The record reveals that further negotiations and agreements were made with respect to method of pay issues, as reflected in separate Memoranda of Agreement dated March 10 and 24 of 1997. Page 5 of the first memorandum provided the following with respect to the method of pay:

(c)   When deadheading precedes working service, employees in TCS will be paid deadheading on a continuous time basis until working service commences. Working service will commence immediately upon arrival at the away-from-home terminal. First-in/first-out continues to apply.


NOTE: Modifications made to the TCS work rule will be changed in the current Collective Agreements to reflect these understandings.


(d)   Employees in TCS who complete a working trip between the stations listed in Appendix A-1 will receive the fixed mileage, plus the hourly rate for the deadhead portion of their tour of duty.


(e)   Failing to complete a TCS tour of duty within 12 hours will result in the deadhead penalty payment.


(f)    Employees in straightaway or TCS, who fail to complete a working tour of duty between the stations listed in Appendix A-l, or those working in any other service for which no flat rate has been established, will be compensated in accordance with the present dual based method of payment.


            Ultimately the TCS provisions were folded into the terms of the collective agreements, as reflected in articles 24.07 through 24.18 of the collective agreement governing conductors and articles 5.02(7) through 5.02(18) of the collective agreement of the locomotive engineers. The provisions of article 24.15 and 5.02(15) of the two collective agreements read as follows:


When deadheading precedes working service, employees ordered in TCS will be paid deadheading on a continuous time basis until working service commences. Upon arrival at the away-from-home terminal the crew is to contact the Rail Traffic Controller advising of the time of arrival. Working service will commence upon arrival at the away from home terminal keeping the principles of the first in, first out rules and the content of Clause 24.08 intact.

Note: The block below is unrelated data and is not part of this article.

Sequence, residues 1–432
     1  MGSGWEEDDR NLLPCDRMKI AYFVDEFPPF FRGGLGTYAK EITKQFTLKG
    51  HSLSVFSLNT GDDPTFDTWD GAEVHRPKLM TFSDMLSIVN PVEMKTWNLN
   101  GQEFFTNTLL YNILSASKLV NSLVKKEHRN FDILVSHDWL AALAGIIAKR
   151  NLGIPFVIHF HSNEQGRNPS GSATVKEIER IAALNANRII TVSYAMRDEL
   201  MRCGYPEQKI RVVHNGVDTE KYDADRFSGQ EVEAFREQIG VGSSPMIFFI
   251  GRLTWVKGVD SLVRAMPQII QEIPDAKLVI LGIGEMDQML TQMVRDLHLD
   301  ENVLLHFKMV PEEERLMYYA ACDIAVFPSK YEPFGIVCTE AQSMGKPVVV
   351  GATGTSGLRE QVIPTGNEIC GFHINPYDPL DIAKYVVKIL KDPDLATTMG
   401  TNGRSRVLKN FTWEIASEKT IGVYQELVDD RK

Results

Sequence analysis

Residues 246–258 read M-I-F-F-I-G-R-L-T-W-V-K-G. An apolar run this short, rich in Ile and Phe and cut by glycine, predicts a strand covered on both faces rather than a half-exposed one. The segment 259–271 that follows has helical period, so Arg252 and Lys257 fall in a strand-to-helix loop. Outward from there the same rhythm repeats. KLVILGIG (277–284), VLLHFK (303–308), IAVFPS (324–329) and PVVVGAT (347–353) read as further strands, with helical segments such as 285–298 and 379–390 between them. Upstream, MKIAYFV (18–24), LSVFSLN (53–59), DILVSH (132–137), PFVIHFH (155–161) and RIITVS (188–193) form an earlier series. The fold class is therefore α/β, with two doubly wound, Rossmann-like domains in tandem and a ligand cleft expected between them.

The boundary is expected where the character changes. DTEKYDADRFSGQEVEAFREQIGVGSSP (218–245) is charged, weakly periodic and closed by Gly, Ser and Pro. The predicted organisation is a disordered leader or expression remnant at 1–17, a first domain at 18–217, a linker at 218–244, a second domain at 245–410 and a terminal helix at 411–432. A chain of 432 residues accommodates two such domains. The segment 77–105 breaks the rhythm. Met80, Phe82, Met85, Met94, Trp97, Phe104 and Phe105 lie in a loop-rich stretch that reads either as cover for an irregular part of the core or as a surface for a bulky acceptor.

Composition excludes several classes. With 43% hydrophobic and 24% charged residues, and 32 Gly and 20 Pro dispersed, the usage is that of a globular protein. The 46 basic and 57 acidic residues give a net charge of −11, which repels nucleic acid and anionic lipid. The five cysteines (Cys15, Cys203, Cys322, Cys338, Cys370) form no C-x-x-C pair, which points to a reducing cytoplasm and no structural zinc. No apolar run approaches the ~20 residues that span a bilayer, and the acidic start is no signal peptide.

When a crew is called in TCS to deadhead, preceding or following working service and is compensated on the basis of the Fixed Mileage Basis of Pay rules, claims on the minute basis, account a TCS crew deadheading in the same vehicle as another crew, due to the thresholds being exceeded, shall be paid by the Company rather than drawing on the buffer fund.


When deadheading follows working service the crew will remain in working service until deadheading commences. When working service precedes deadheading, switching will be limited at Montreal, Toronto, Thunder Bay, Winnipeg and Calgary to the work, which can currently be performed pursuant to Clauses 10.02(2), 10.02(4), 12.04 and 12.09 of this agreement.


The working portion of the TCS claim will be paid on the basis of the Fixed Mileage Method of Pay for that particular trip, provided the crew completes the working tour of duty according to the Fixed Mileage Method of Pay rules.


If the working portion is not completed, or if there is no Fixed Mileage Method of Pay established for the tour of duty, then payment for the working portion of the trip will be in accordance with the dual method of calculating pay. Employees will be paid for the working service on a continuous time basis from the time working service commences until departure from the OMTS or designated point. For the purposes of the application of Conductor-Only train operations, the turnaround point will be considered as a stop enroute. When switching is performed crew will be compensated for the time switching at the turnaround point with a minimum payment of one (1) hour.